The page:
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Dude, Where's My Email?


Dude, Where's My Email?

How quickly a colleague responds to our well-crafted email or how quickly we respond in turn usually becomes a factor of how...

3 Minutes Read

How quickly a colleague responds to our well-crafted email or how quickly we respond in turn usually becomes a factor of how busy we are and how important we perceive the subject to be at a given point in time. We email for a reason and expect a quick answer—we know the message is in the recipient’s inbox waiting to be downloaded or read usually within minutes or hours of hitting the send button—so why aren’t they responding? 

Most of us believe one working day is the acceptable amount time we should wait for a response to an email (see the graphic depicting Forrester’s survey of US workplace attitudes taken at the end of 2012.) 55% of respondents stated that one working day was the acceptable time to expect a reply while one third of respondents peg the email lag between 1 and 4 hours. Some emails will need prioritizing above others but we also know that some days you simply cannot respond to everyone as soon as you can—and if you did, it would surely kill productivity as you constantly monitor your email inbox. Managing and keeping on top of email is the thing that causes many problems in our working lives. It's an incredible tool but fears are growing that managing email takes too much of our time. Email can hound you. You want to know what's in there, especially if it’s an email from your boss so you break off what you are doing to read the email. And the more distracted you are by email then the less productive you are.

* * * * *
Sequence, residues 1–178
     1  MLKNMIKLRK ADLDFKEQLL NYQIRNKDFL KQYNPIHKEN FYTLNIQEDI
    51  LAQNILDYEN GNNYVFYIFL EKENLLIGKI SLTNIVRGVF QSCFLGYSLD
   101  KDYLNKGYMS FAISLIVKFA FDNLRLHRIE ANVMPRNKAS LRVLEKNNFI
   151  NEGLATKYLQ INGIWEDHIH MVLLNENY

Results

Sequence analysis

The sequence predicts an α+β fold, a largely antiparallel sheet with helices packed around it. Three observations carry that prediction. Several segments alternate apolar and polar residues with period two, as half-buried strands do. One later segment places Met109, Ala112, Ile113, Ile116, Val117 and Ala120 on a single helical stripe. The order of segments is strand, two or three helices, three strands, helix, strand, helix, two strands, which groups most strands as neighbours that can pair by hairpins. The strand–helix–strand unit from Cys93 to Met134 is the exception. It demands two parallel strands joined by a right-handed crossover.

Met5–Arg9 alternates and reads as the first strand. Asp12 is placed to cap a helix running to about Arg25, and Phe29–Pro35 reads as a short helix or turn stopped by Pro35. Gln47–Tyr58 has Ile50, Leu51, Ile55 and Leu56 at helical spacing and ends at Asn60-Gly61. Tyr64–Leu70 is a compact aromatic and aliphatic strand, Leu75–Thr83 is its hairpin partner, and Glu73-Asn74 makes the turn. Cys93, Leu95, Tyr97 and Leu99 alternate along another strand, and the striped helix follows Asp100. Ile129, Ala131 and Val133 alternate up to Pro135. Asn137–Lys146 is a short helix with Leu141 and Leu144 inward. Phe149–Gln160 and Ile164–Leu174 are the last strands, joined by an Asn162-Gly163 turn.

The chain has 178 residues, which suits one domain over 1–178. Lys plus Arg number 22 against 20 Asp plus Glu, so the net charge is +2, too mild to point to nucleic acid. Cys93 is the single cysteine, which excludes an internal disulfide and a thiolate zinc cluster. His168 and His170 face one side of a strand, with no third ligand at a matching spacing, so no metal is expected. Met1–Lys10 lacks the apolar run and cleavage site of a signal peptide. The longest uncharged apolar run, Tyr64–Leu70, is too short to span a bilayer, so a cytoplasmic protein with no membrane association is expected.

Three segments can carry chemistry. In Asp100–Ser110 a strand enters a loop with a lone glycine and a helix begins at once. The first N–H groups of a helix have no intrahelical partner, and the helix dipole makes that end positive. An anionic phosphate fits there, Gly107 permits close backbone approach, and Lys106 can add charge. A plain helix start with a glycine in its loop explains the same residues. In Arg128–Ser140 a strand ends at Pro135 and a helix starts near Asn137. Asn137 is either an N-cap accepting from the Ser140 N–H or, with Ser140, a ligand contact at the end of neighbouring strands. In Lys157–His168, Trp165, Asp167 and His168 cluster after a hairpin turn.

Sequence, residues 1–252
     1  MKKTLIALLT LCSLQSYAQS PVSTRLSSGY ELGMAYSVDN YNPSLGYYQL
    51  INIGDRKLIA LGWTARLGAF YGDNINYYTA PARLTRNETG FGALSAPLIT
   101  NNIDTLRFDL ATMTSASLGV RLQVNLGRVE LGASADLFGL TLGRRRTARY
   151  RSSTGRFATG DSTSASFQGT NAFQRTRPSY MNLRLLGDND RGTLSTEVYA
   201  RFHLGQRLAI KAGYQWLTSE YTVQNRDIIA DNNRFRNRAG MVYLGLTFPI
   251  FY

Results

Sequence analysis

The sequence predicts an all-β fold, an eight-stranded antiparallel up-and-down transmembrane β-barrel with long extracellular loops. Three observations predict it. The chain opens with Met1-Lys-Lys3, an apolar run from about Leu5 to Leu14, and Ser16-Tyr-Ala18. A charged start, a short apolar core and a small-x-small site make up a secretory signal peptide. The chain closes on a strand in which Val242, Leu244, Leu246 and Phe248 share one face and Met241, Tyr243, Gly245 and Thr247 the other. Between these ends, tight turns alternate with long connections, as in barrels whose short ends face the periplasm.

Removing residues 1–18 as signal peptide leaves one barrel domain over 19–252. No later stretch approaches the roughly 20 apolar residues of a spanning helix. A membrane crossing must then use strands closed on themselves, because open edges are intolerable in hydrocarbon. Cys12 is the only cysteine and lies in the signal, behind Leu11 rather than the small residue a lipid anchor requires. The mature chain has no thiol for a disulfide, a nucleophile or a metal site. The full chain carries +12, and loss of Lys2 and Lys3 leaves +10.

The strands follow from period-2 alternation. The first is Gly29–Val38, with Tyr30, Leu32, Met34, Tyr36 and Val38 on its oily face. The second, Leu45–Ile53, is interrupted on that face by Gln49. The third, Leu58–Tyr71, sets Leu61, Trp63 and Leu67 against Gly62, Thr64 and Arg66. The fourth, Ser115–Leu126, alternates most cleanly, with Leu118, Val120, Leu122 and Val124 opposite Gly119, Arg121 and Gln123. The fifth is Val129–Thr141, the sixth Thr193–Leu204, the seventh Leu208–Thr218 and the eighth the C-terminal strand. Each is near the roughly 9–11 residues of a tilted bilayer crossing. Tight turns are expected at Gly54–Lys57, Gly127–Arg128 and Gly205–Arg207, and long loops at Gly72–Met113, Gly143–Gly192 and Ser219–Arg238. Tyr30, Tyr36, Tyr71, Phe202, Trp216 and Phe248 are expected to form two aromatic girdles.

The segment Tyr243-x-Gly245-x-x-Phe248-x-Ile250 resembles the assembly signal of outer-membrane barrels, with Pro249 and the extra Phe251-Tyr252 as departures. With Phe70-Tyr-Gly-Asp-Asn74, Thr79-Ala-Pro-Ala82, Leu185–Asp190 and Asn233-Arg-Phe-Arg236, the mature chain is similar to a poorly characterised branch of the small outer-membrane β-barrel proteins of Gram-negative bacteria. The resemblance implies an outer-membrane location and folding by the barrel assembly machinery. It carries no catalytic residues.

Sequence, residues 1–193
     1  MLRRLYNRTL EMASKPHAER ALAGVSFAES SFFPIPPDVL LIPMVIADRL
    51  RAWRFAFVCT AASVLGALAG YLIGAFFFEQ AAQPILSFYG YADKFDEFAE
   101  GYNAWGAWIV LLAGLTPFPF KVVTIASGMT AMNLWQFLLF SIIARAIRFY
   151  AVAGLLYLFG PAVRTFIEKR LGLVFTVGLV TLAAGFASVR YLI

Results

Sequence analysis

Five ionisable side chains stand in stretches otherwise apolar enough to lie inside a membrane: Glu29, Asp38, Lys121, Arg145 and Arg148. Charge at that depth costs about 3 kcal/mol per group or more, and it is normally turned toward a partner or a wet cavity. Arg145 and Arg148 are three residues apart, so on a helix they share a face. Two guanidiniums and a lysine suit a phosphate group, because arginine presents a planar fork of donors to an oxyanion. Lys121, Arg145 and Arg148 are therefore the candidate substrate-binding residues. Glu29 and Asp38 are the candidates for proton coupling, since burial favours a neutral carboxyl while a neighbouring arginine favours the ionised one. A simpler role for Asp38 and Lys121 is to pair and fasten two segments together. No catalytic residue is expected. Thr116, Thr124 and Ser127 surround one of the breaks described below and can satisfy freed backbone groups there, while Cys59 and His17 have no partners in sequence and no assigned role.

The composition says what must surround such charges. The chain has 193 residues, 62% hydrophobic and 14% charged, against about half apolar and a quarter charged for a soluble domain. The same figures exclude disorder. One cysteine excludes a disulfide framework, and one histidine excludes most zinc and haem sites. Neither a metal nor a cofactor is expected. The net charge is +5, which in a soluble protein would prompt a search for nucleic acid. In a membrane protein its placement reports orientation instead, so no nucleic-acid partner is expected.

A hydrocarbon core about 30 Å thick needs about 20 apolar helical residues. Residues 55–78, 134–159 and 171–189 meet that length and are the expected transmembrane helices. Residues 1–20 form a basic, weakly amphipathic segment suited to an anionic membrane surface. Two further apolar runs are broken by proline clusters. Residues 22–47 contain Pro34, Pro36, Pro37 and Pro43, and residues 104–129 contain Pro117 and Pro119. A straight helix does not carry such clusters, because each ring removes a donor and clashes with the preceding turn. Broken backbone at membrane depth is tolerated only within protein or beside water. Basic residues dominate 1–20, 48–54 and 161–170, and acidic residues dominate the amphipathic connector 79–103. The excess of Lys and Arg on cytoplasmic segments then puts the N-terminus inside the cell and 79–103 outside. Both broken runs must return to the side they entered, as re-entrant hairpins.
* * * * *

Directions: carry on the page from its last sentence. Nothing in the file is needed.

Perception is the key to understanding how quickly we respond to those who take the time to email us (email spammers and thoughtless “respond all” aside.) There is no firm rule for how quickly we should respond but we all know the unspoken rule is as “soon as you can”. The Forrester data goes on to reveal that 3% of respondents see 5 minutes as the acceptable email lag—and if the job demands real time customer communication, like in a customer contact centre, then that is completely understandable. The more nuanced view is that some e-mails need prioritizing so the best you can do is to adopt the defacto position which is to reply to everyone as soon as you can. Email isn’t just about you, how busy you are or what you feel is important to you at that specific point in time—there’s another person involved (the sender) who e-mailed you for a reason and is expecting your prompt response. Perhaps we need rules not so much on what the agreed time is but keeping those that we communicate with informed as to status—and avoid misunderstandings in the process.

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